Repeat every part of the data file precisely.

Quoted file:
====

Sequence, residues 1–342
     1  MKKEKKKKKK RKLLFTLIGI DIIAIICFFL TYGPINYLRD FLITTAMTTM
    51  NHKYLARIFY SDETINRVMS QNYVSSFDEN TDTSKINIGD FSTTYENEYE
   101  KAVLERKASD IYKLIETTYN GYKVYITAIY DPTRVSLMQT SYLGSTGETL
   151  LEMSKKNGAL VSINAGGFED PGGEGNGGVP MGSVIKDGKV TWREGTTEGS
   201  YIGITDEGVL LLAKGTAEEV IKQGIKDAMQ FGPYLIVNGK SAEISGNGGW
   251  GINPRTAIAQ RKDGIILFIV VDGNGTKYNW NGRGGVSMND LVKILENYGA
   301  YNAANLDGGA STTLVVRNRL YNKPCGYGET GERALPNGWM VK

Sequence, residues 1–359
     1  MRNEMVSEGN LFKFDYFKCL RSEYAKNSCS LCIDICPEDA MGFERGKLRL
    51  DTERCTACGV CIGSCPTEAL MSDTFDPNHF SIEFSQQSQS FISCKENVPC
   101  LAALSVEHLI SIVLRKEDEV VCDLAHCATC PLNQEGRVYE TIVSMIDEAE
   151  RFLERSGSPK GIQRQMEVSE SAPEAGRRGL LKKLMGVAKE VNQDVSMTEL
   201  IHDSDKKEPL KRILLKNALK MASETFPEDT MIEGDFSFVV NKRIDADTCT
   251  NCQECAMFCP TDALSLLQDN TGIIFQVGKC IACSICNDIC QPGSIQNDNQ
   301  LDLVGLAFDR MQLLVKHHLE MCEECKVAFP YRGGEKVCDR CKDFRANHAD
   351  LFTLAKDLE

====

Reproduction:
Sequence, residues 1–342
     1  MKKEKKKKKK RKLLFTLIGI DIIAIICFFL TYGPINYLRD FLITTAMTTM
    51  NHKYLARIFY SDETINRVMS QNYVSSFDEN TDTSKINIGD FSTTYENEYE
   101  KAVLERKASD IYKLIETTYN GYKVYITAIY DPTRVSLMQT SYLGSTGETL
   151  LEMSKKNGAL VSINAGGFED PGGEGNGGVP MGSVIKDGKV TWREGTTEGS
   201  YIGITDEGVL LLAKGTAEEV IKQGIKDAMQ FGPYLIVNGK SAEISGNGGW
   251  GINPRTAIAQ RKDGIILFIV VDGNGTKYNW NGRGGVSMND LVKILENYGA
   301  YNAANLDGGA STTLVVRNRL YNKPCGYGET GERALPNGWM VK

Sequence, residues 1–359
     1  MRNEMVSEGN LFKFDYFKCL RSEYAKNSCS LCIDICPEDA MGFERGKLRL
    51  DTERCTACGV CIGSCPTEAL MSDTFDPNHF SIEFSQQSQS FISCKENVPC
   101  LAALSVEHLI SIVLRKEDEV VCDLAHCATC PLNQEGRVYE TIVSMIDEAE
   151  RFLERSGSPK GIQRQMEVSE SAPEAGRRGL LKKLMGVAKE VNQDVSMTEL
   201  IHDSDKKEPL KRILLKNALK MASETFPEDT MIEGDFSFVV NKRIDADTCT
   251  NCQECAMFCP TDALSLLQDN TGIIFQVGKC IACSICNDIC QPGSIQNDNQ
   301  LDLVGLAFDR MQLLVKHHLE MCEECKVAFP YRGGEKVCDR CKDFRANHAD
   351  LFTLAKDLE